exercise 7.4 (russell’s paradox). �e following exercise deals with aparadox that shows that certain assumptions about the existence of setsand properties lead to a contradiction.(i) Using the dictionary

R: . . . is an element of . . .

translate the sentence ∃x ∀y (Ryx ↔ ¬Ryy) into an English sen-tence.

(ii) Using the dictionary

R: . . . has . . . (as its property)

translate the sentence ∃x ∀y (Ryx ↔ ¬Ryy) into an English sen-tence.

(iii) In Exercise 6.5 I asked for a proof of the following claim:

∃x ∀y (Ryx ↔ ¬Ryy) ⊢ P.

7 Formalisation in Predicate Logic 19

Show that any set of sentences containing the sentence

∃x ∀y (Ryx ↔ ¬Ryy)

is syntactically inconsistent.(iv) �e expression {x ∶ A} is used as an abbreviation for ‘the set of all

x such that A’, where A is a claim about x. What is the problem ofde�ning sets in this way?

exercise 7.5. Consider the following argument:

Everything has a cause.�erefore there is a cause of every-thing.

Is the argument valid in predicate logic? Substantiate your answer byproving or disproving the validity of the formalisation of the argument.Is the argument logically valid?

8 Identity and De�nite Descriptions

exercise 8.1. Add the brackets that have been omitted in accordancewith the bracketing conventions to the following sentence:

∀x∀y∀z(Px ∧ Py ∧ Pz → x= y ∨ y=z ∨ x=z)

exercise 8.2. Prove the following claims by means of counterexamples:(i) Qab,Qba /⊧ a=b(ii) ∀x∀y(Px → (Py → ¬x= y)) /⊧ ∃x∃y¬x= yYou do not have to show that the premisses are true and the conclusionsare false in the models. Specifying the counterexample will su�ce.exercise 8.3. �e following sentence is to be formalised in L=:

Paolo is a philosopher.

�e following two formalisations are proposed:(i) Pa(ii) ∃x(x=a ∧ Px)(ii) is arrived at by reasoning as follows:�e ‘is’ in the original sentencecan be replaced by ‘is identical to’, so the logical form of the sentence is:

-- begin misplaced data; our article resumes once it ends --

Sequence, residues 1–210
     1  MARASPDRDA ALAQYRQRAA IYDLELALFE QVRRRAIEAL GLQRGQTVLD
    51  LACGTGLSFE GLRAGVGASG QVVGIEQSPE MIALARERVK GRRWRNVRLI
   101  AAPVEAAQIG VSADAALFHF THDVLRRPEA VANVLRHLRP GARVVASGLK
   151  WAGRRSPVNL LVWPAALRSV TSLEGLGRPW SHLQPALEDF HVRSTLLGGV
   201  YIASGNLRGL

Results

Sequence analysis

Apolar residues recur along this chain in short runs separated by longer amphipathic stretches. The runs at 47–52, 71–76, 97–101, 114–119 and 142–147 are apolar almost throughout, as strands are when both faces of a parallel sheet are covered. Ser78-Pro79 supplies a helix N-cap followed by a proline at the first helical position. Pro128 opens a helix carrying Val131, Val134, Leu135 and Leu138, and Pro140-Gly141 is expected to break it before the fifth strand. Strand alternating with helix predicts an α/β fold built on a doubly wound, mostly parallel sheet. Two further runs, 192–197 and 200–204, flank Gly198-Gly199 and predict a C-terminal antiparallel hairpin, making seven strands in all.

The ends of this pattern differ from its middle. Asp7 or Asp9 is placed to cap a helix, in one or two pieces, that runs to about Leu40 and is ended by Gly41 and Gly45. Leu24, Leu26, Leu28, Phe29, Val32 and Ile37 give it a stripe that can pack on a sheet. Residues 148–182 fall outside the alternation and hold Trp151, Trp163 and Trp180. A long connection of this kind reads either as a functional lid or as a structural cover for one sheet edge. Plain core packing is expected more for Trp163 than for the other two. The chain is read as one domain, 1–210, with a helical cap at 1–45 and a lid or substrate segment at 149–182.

�ere is an x ((x is identical to Paolo) and (x is a philoso-pher))

Is there any reason to prefer one formalisation over the other?

8 Identity and De�nite Descriptions 21

exercise 8.4. Establish the following claims by means of proofs in Natu-ral Deduction.(i) ⊢ ∃y y= y(ii) ∃x Px , ∃x ¬Px ⊢ ∃x ∃y ¬x= y

exercise 8.5. Show that the following two sentences are logically equiva-lent in predicate logic with identity:(i) ∃x (∀y(Py → x= y) ∧ Px)(ii) ∃x ∀y (Py ↔ x = y) Prove the equivalence by establishing the

following two claims:(i) ∃x (∀y (Py → x= y) ∧ Px) ⊢ ∃x ∀y (Py↔ x= y)(ii) ∃x∀y (Py↔ x= y) ⊢ ∃x(∀y (Py → x= y) ∧ Px)

exercise 8.6. Formalise the following sentences as L=-sentences usingthe following dictionary:

P: . . . is cleverQ: . . . is a tutorQ: . . . is a philosophy studentR: . . . is better than . . .

(i) �ere are two philosophy students.(ii) �e clever tutor is better than any philosophy student.(iii) �e philosophy student who is better than all tutors is clever.(iv) �ere are fewer than three tutors.